If there was ever a piece of no-brainer legislation that should be passed by Congress, it is the Honest Ads Act put forward last week by US senators Amy Klobuchar, Mark Warner and John McCain. This bipartisan group is asking for online political advertising to be subject to the same rules of disclosure as ads on television, print, and radio. The idea is to make sure that foreign nations like Russia cannot use platforms such as Facebook, Google or Twitter to influence US elections, as they did in 2016.
The legislation is necessary for three reasons. First, it would even the playing field between platform companies and the rest of the media industry. This is long overdue. Google and Facebook together take roughly 85 per cent of all new digital advertising revenue. For years, they have come up with absurd excuses for why they should not be subject to the same rules as everyone else (online ads are too small to include disclaimers; it is too tough to figure out if ads are commercial or political, and so on).
Their reasoning does not hold water. These businesses have traditionally been just fine using the smallest of small print on privacy policies, so it should not be too much trouble to do the same thing with political disclosures. And if it is too tough to figure out what is political, play it safe and disclose everything.
Of course they do not want to do that, because opacity is a key part of what political operatives are paying for. That is reason number two that this legislation should pass — it would go some way towards cleaning up dark money and influence in politics.
Online advertising is hyper-targeted. That is the whole appeal. We get to see things that are meant for our eyes only. Rather than clear, broad messages that are put where everyone can see them, online advertising can play to the deepest fears of individuals, allowing them to be exploited with divisive or hateful messages that could be much more easily called out and debunked if they were, say, being shown on national TV or in a print advertisement in a major paper.
Indeed, as one political insider put it to me, it is not just the Russians, but our politicians themselves who want to keep their advertising in the dark. Consider, for example, the Trump campaign’s xenophobic pre-election posts on Facebook. The US president is somewhat singular in that he does not seem to mind openly dog-whistling. But others might well be deterred from taking the low road if they could be openly named and shamed for doing so.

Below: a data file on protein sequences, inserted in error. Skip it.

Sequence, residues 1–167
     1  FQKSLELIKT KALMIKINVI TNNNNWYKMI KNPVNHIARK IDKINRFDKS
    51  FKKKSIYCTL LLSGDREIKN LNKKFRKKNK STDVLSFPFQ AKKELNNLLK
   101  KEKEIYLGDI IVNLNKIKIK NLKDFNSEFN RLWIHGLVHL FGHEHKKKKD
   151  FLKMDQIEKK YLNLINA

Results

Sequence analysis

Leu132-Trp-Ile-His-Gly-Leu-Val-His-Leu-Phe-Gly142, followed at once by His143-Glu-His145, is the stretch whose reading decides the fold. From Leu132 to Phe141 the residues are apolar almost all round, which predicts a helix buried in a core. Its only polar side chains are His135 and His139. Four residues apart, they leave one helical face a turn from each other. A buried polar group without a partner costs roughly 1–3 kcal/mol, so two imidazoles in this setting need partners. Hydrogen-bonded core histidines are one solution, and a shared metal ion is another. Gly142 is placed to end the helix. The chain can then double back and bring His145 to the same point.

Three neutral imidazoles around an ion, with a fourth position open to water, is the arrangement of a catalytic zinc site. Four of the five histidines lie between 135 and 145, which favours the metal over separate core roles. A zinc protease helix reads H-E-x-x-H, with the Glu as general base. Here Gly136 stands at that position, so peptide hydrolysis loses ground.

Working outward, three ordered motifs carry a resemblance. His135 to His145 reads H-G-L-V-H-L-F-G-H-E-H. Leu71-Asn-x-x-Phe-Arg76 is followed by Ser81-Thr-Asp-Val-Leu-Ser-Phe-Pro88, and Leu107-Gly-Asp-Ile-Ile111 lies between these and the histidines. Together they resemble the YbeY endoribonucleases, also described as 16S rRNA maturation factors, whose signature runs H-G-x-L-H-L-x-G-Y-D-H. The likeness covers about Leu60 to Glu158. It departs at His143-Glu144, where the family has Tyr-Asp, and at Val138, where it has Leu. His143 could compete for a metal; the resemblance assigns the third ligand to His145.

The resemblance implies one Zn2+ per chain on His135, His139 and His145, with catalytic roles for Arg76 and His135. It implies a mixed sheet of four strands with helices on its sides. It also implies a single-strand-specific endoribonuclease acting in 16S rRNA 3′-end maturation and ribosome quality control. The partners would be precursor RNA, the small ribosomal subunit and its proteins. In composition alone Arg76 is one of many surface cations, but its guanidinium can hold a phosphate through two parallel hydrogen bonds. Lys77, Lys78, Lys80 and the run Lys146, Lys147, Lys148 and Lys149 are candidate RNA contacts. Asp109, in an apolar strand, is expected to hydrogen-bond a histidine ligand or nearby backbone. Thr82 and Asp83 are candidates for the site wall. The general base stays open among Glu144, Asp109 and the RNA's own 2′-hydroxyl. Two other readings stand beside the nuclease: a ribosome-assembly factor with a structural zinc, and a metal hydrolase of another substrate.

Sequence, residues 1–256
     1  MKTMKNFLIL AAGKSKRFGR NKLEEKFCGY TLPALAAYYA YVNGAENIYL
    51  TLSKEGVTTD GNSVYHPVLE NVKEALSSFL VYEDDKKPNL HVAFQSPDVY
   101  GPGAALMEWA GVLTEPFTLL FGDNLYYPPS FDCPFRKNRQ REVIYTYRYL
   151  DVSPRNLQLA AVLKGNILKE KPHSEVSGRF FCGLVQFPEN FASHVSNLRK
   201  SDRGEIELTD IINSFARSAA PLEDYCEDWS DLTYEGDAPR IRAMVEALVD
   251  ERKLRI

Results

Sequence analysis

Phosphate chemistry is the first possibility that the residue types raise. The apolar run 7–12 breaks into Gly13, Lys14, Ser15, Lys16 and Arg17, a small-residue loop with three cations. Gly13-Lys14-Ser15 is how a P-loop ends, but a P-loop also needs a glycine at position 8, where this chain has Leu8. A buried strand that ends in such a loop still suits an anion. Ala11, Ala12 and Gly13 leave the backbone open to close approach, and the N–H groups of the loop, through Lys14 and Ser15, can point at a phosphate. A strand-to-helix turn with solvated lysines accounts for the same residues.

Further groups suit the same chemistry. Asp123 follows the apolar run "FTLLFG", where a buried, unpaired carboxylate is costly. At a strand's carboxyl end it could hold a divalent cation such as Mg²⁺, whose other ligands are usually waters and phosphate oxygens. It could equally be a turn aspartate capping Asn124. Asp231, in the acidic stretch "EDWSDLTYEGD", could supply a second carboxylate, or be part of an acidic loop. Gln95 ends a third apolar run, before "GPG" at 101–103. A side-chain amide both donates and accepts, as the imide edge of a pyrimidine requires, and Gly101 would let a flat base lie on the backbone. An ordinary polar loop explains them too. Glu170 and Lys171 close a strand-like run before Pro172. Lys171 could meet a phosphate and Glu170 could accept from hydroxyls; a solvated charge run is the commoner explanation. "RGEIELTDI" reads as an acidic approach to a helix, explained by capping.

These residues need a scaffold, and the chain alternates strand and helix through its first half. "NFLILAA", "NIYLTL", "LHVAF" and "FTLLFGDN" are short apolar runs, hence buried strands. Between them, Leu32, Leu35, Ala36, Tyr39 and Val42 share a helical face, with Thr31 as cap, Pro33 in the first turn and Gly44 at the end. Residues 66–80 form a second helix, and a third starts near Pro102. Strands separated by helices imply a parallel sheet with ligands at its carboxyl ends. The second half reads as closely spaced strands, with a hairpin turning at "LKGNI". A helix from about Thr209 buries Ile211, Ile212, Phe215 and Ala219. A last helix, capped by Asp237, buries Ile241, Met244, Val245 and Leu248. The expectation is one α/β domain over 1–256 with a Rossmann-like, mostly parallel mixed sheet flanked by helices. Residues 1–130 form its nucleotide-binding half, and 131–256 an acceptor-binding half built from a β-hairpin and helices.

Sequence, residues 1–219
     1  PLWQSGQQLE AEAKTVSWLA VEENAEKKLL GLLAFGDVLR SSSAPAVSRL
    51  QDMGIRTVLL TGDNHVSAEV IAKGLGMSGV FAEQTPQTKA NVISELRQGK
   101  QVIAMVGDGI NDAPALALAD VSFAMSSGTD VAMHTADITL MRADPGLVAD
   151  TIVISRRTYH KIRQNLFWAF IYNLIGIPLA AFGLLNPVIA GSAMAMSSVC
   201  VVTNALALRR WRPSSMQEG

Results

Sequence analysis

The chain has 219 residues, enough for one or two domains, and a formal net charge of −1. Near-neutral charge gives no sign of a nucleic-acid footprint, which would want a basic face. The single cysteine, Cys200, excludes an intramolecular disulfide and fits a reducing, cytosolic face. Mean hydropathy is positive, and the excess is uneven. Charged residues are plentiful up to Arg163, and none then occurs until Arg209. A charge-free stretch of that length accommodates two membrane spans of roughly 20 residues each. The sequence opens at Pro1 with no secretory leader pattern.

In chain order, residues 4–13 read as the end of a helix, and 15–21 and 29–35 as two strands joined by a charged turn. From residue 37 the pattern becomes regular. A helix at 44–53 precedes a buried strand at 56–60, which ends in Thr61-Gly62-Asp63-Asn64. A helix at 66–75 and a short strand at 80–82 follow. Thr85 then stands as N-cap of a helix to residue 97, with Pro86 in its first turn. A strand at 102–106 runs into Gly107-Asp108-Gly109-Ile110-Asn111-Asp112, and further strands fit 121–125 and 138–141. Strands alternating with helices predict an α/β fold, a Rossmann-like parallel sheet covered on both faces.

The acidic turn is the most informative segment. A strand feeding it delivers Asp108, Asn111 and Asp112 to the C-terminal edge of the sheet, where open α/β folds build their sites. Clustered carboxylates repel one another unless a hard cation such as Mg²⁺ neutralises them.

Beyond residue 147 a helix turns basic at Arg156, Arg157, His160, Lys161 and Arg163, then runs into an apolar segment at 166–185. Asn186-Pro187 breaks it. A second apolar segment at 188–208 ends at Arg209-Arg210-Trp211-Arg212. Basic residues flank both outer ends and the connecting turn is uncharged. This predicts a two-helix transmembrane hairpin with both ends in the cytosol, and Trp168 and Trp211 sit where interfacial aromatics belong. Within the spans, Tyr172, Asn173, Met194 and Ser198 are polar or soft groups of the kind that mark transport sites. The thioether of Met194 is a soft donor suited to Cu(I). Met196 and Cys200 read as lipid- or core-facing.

The third reason the Honest Ads Act should pass is it would be a step towards reframing the regulatory debate around Big Tech. Large and powerful industries and companies that enjoy monopoly rents often like to portray themselves as “special” or “different”, and thus in need of a separate set of rules.
After a time, this idea of a separate playing field gets normalised. Monopolists also use complexity to obfuscate clear debate about what they are actually doing, and whose interests they are serving. I cannot tell you how many conversations I have had with fast talking financiers — and more recently, technologists — who try to throw as much jargon against the wall as fast as possible to see what sticks.
Yet the best questions are often the simplest ones. In the case of the financial sector, it was and remains: “What is the industry doing that is good for the real economy, versus what is good only for the financial industry?” We await a clear answer there. In the case of Big Tech, we might start with the question: “Are you playing by the same rules as everyone else, and if not, why not?”
The answer to the first question is clearly no. I hope that the Honest Ads Act will pass, and that lawmakers will move on to examining Section 230 of the Communications Decency Act of 1996, which says that platforms are not responsible for what their users post.
It is a get-out-of-jail free clause which has protected the industry from all sorts of legal issues that most businesses deal with every day, and is as outdated and unfair as the loopholes around political ad disclosure online.
Regulators should also look a lot more carefully at whether the M&A practices of the tech titans are anti-competitive. Consider Facebook’s recent purchase of tbh, a polling app aimed at teenagers, on which 5m users have posted 1bn questions since its launch three months ago.
As Matt Stoller, a fellow at the Open Markets Institute, a think-tank, tweeted: “Facebook is buying a competitor that undercuts its data-harvesting business model. FTC [the US Federal Trade Commission] should block this merger.”
I also hope that lawmakers will begin to educate themselves more thoroughly about the 21st-century digital economy. There are a handful of politicians who have done so. But not many.
I recently asked one high-level software developer from a Big Tech company, someone who frequently visits Washington, to rank technological understanding among not only Congress members, but among the Capitol Hill staffers who brief them. On a scale of zero to 10, he put that understanding at “negative 10”.
That is great for his company. But it is dangerous for the rest of us, because understanding Big Tech is now crucial to understanding not only politics, but the economy at large.